Steve Bates from Egmont Village has created a tool that cuts plastic bottles to make string, which he will use on a green house.
Like the American action-adventure character Angus MacGyver, who solves complex problems by creating gadgets out of ordinary objects, Steve Bates has found a purpose in plastic.
Bates’ unnamed gadget slices plastic bottles into about 4 millimetre-width “string”, which he plans to use in a project that will see 2000 one-litre bottles turned into a green house.
“It’s giving a second life to all these bottles,” he said. “I’d like the project to be 98 per cent to 99 per cent recycled material.”
The tool cuts the bottles into plastic string with a 4 millimetre width.
The gadget is made from a block of wood with smaller blocks nailed in specific ways so that when a plastic bottle is placed on top, Bates can turn a crank, spinning the bottom of the bottle across a utility knife.
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The crank then winds the “string” of plastic through a groove and onto a collecting piece, which is made up of a rod and a bottle top.
Bates reckons he can get about 5.8 metres out of a 600ml bottle.
“I got 5.8 metres of string out of a 600ml bottle,” Bates said.
The little tool was inspired from several YouTube videos.
“It’s two or three designs in one,” Bates added.
Bates plans to put 2000 bottles on a structure to create a green house. The string will tie the bottles together.
Once about 100m of string was collected, he could tie plastic bottles together to make up the walls of a green house, which currently sits as an old glass house frame.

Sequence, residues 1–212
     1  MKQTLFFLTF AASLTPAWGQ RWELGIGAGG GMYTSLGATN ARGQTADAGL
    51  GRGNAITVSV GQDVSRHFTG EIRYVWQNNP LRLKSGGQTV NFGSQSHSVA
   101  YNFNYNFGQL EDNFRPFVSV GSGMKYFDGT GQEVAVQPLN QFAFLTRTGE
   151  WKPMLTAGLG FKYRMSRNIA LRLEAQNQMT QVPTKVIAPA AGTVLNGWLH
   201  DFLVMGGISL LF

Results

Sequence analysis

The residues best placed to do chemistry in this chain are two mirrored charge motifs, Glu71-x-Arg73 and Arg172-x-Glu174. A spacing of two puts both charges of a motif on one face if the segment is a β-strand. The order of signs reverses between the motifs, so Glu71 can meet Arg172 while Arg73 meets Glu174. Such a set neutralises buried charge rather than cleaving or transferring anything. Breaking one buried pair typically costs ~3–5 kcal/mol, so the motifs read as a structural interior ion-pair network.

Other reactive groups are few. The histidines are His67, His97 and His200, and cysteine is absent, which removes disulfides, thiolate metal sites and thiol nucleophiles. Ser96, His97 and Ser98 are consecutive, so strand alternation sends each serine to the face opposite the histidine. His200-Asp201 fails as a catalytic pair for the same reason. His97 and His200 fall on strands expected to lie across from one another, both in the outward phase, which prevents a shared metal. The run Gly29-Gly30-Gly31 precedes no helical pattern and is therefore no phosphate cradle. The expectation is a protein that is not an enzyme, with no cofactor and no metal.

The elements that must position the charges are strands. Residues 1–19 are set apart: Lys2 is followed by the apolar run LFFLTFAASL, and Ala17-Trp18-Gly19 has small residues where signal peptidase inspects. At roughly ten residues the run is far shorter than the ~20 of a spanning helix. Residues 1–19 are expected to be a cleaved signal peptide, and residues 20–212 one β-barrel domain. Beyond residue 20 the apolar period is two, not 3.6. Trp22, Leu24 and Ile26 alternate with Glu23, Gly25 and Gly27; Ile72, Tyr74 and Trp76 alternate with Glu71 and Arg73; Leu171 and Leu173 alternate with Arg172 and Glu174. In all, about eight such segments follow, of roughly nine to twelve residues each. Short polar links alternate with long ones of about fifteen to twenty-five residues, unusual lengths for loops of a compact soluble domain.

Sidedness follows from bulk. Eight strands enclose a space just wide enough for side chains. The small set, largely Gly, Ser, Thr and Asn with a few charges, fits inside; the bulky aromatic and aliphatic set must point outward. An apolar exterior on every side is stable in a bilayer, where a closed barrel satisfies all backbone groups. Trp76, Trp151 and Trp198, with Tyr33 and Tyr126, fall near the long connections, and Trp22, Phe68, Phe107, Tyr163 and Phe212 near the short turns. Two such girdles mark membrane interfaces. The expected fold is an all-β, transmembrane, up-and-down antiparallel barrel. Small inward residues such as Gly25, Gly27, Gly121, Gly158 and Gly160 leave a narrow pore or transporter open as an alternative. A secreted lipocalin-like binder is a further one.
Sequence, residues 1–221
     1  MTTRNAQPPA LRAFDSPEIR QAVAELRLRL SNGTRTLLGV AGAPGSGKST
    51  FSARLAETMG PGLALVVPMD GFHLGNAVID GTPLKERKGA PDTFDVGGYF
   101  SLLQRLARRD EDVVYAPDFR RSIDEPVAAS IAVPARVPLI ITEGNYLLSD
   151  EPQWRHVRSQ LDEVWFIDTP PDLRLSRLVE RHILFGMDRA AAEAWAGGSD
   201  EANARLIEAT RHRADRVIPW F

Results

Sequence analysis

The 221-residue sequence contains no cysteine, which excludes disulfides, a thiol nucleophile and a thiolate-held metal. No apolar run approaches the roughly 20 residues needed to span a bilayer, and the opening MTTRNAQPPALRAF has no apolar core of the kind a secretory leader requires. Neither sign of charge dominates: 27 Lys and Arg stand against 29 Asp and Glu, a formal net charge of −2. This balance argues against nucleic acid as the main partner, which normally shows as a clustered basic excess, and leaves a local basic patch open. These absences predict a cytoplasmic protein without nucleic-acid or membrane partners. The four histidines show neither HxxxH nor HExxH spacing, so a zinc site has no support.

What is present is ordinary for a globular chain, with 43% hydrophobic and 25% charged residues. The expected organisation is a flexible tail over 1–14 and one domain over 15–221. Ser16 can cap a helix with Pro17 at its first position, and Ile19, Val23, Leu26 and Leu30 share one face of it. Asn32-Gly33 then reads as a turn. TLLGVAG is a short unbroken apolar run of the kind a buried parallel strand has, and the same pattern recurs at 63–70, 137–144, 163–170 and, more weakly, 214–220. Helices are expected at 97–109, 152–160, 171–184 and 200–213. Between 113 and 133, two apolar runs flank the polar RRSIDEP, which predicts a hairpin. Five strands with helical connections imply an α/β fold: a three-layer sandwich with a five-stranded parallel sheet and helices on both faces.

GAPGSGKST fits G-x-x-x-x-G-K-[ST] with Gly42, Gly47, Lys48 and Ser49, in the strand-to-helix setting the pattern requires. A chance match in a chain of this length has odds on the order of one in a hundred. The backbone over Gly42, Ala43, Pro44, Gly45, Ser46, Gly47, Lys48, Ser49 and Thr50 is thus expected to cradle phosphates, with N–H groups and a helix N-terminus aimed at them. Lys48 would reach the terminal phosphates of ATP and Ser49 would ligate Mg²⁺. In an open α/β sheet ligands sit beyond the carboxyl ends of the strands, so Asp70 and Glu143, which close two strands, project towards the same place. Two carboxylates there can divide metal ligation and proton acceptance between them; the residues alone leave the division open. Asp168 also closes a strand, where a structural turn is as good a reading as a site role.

“I’ll run bamboo through the centre of the bottles so it’s sturdy,” he explained of his finish project idea.
“The air lock will collect heat and allow for warmer temperatures inside the green house.”
And a water collection tank, complete with a plastic bottle gutter, would store about 70 litres of rain water that would drip feed plants.
“I also want to build a table. I have all these ideas and I haven’t even started the first one.”
It was four months ago when the recycled green space idea grew.
Bates was across the ditch, living in Perth, when a bland brick wall at his home got on his nerve.
“I wanted to make use of the space,” he said.
“That’s when I found YouTube videos of people making vertical gardens out of plastic bottles.”
Now back in New Zealand, the Egmont Village man wants to create an even bigger green space from wasted materials.
Bates has put the call out to the community to help collect the bottles, with a drop-off location already set up at the Access Radio station in Spotswood and a potential second location at the Marfell Community Garden.
Once the plastic bottle green house is complete, Bates would like to recreate the project elsewhere in the region.
“I’ve just got to get the first one built.”
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